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Consequences of Climate Change: Carbon Dioxide, Fossil Fuels Force Fish to Switch to Permanent Night Mode

Aug 03, 2016 04:19 AM EDT
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Global warming caused by human activity is not only affecting nature, but is also altering animal behavior.

Carbon dioxide from burning fossil fuels results to an acid harmful to marine life when released to oceans. This toxic substance forces fish to guard itself and adapt to a night defense mode even during the day.

According to the study published in the journal Nature, fish exposed to high levels of carbon dioxide are more vulnerable to predators as they respond slower to cues. This poses a threat to species and population survival, which forces the animals to adapt to their altered environments -- even if it involves flipping their body clocks.

The scientists came up with the above conclusion after observing adult and young damselfish living in Australia's Great Barrier Reef. The researchers studied two groups of parent damselfish: one sensitive to high carbon dioxide levels and one that's not.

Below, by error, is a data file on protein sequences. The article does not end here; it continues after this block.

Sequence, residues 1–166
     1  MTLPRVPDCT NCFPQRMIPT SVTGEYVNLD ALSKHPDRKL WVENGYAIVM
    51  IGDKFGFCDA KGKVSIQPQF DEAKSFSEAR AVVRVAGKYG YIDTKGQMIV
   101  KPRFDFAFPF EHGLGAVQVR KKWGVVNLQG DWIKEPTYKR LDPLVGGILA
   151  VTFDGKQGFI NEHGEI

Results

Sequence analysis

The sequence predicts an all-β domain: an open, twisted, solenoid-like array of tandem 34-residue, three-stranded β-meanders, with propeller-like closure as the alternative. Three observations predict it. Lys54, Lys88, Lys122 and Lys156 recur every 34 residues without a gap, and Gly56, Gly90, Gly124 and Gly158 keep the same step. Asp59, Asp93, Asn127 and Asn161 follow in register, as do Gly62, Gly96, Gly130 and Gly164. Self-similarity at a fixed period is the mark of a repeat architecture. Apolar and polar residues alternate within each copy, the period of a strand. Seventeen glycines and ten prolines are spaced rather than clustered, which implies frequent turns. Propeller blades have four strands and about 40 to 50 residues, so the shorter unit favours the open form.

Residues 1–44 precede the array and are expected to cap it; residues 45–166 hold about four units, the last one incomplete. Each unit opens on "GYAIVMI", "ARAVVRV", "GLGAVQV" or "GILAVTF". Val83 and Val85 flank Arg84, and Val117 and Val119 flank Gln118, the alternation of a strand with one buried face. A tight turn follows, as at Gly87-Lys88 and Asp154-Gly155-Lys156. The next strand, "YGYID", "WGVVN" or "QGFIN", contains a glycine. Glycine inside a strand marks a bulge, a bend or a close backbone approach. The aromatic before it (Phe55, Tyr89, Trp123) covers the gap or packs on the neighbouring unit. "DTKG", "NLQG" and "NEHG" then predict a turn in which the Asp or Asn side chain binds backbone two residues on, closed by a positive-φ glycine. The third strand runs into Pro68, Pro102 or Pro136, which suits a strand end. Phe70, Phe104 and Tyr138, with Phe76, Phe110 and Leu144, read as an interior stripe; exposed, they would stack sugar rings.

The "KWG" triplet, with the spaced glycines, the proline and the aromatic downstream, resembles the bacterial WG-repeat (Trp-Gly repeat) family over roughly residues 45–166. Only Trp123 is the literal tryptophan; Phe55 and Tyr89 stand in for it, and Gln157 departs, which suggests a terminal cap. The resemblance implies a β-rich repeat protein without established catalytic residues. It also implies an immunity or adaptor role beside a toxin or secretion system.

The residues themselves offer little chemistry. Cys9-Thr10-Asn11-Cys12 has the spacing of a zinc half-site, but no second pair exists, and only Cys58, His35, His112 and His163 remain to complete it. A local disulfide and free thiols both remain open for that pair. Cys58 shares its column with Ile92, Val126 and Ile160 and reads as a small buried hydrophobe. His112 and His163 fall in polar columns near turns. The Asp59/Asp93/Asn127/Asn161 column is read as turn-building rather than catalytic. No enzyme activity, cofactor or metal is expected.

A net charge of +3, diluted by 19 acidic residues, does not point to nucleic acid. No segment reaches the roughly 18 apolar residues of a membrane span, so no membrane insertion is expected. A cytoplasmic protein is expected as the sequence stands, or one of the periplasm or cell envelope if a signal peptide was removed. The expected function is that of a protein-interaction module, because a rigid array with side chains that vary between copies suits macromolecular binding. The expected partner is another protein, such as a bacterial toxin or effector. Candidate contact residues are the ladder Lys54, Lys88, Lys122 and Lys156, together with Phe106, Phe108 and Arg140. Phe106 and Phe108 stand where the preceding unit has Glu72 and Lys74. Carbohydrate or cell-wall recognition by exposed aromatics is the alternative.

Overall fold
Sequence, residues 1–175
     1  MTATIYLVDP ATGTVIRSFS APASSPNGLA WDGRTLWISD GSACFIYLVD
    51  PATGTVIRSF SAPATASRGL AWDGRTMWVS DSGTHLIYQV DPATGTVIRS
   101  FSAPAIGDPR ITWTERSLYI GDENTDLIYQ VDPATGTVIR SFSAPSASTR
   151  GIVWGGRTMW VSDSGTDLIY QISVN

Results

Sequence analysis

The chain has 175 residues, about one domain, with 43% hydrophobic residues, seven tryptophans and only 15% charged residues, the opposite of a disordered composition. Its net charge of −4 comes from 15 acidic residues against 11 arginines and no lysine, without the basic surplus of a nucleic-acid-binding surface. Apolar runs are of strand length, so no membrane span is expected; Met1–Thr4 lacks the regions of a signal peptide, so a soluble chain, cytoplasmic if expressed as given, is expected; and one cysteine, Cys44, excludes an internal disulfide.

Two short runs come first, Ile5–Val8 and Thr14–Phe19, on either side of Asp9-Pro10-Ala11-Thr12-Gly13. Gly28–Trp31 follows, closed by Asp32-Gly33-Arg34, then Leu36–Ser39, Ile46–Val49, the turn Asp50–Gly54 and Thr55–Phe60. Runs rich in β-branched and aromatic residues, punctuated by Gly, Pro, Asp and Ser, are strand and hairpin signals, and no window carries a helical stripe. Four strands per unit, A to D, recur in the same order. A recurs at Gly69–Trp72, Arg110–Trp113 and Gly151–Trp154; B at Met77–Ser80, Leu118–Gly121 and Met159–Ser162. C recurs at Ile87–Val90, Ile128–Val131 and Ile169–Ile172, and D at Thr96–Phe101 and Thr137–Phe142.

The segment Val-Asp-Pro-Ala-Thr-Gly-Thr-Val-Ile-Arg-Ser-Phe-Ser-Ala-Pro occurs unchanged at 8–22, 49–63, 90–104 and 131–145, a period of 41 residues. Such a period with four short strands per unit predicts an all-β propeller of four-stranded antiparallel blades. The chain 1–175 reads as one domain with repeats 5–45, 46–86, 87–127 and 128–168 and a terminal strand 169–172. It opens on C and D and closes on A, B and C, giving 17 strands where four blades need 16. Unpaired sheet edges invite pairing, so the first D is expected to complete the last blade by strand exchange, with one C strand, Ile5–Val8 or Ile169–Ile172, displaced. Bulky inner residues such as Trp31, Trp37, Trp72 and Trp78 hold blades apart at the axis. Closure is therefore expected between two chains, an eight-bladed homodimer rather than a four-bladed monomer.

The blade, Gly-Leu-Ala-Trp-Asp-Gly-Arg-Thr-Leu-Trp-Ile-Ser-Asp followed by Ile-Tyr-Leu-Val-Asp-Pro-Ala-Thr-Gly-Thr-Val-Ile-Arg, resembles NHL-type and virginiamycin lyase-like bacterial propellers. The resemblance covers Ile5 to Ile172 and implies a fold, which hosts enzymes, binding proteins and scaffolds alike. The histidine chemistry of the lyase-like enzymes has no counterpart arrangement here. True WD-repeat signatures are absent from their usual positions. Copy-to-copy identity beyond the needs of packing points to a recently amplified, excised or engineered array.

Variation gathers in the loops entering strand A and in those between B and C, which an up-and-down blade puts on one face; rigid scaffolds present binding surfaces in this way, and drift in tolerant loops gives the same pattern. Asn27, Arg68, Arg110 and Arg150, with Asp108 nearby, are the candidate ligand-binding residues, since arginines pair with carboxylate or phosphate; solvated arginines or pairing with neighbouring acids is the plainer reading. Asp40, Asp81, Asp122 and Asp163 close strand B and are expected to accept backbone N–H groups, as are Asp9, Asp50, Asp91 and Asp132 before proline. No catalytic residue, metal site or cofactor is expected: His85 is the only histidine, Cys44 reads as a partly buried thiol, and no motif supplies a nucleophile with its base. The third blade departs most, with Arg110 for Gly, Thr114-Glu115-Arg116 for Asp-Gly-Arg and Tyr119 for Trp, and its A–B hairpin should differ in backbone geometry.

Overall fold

The results showed that those who were naturally tolerant to high carbon dioxide concentration in water produced offspring that could tolerate ocean acidification, Phys.org reports.

"We developed a unique fish-rearing experiment that allowed us to measure the effects of ocean acidification across generations. By combining data from the genome with information about RNA and protein expression, we were able to uncover the transgenerational molecular responses of the fish's brains," said Timothy Ravasi, one of the study's authors.

Offspring of the tolerant damselfish also have altered circadian rhythm genes that enables them to adjust and adapt to their surroundings.

Normally, fish changes their bodies' defenses during the night as this is the time where carbon dioxide levels increase. However, for young fish with CO2-tolerant parents, permanently switching to a night body clock is more helpful in survival.

"Reef fish adjust their bodies to compensate for elevated night-time CO2, and of course, this is controlled by circadian rhythm," Ravasi said. "It seems the tolerant offspring may have adjusted their circadian clocks as if it was always night!"

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